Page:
First, let me say that I love art and view it as an essential way for kids to make sense of the world.  I think for them, art is a way they can communicate thoughts, learning, patterns and observations before they can put together words, write or read.  I grew up around art (my grandma is a wonderful painter) and I always have enjoyed creating my own and viewing others art.  My approach here is two fold; try to prioritize materials that already come package free, and also to not stress if I truly need something that does come in plastic.  I like what Ariana of Paris To Go said- I’m paraphrasing and butchering here- but essentially, that if you truly need and use something, it’s not going to waste because its important to you, and necessary, and serves a purpose.  I broadly view art supplies like this too.


However, there are some things we just don’t use, because I don’t personally think they’re necessary for kids to make art- like markers, for instance.  I try to weigh the life cycle of the product against the amount of fun, value, or essential quality it has.  For us, markers just don’t cut it.  Their life in this house was never very long- lids always being lost, pens dried out or smashed into frayed dull points.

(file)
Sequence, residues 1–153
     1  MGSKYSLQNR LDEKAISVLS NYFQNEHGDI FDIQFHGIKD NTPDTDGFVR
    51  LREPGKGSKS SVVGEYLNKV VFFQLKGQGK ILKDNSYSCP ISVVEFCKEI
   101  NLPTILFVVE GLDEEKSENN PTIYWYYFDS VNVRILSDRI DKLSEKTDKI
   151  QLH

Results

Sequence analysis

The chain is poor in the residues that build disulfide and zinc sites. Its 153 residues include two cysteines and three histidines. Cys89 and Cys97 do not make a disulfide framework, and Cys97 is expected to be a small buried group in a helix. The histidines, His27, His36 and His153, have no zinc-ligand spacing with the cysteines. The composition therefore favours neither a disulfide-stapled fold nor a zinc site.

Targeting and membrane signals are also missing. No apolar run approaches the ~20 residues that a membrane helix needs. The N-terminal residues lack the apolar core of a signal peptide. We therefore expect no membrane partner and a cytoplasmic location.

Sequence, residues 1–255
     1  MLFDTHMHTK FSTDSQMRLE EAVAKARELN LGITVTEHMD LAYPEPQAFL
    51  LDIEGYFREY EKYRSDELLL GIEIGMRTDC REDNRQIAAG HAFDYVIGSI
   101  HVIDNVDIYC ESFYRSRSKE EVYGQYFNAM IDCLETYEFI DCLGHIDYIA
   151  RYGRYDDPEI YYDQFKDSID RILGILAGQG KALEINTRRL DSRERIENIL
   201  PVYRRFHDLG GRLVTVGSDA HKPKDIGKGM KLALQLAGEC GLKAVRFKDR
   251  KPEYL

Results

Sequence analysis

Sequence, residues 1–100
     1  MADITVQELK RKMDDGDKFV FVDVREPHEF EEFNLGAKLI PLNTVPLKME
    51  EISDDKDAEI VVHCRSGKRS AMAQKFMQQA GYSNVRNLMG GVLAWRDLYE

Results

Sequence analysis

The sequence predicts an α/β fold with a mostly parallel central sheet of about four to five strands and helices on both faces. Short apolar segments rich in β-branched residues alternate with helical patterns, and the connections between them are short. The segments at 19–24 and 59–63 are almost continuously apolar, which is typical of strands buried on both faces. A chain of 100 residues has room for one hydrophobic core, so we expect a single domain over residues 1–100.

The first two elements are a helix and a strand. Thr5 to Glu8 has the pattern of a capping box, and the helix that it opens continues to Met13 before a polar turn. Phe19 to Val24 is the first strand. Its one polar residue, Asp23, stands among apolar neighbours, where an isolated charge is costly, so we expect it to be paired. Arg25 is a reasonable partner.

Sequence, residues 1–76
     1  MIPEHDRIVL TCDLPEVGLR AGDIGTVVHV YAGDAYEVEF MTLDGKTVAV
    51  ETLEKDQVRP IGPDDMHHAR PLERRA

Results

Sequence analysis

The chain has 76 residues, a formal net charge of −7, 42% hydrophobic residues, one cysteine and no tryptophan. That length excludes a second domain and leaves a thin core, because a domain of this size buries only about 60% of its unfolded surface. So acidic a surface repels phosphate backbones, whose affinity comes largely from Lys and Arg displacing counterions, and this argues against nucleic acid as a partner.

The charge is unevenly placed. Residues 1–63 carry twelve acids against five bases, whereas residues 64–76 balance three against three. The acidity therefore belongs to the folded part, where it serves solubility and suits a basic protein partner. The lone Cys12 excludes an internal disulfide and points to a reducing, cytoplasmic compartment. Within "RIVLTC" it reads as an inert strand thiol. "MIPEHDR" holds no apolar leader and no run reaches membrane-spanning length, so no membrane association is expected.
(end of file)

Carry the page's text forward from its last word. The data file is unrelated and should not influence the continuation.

Instead, we use colored pencils, crayons, pastels, watercolor crayons, watercolor pencils, watercolor trays (we buy refill tins similar to THESE instead of a whole new palette).  Or I buy metal watercolor tubes which generally stretch longer and are sold loose.   Most of these supplies come loose or in a recyclable paper package, and you can compost the shavings/nubs left over.  Leftover over bits of crayons can get melted down into new ones in a silicone mold.  THESE highlighter pencils work great and you don’t have to worry about the caps not being put back on and drying out.


Refillable fountain pens are great alternatives to ballpoint pens- and the ink comes in a glass jar.  You can also use refillable fine tip pens like these. We have lots of brushes from a lifetime of me painting.  Some are plastic.  I let the kids use real brushes because if you’ve ever tried to use “kids” brushes you know how frustrating it is when little hairs come off on your paint!  I trust my kids using real items, and they generally respect the tools more when they are real.  When brushes get very frayed, we use them to paint water on the sidewalk, which is always a fun activity, especially on a hot day- watching how fast it disappears!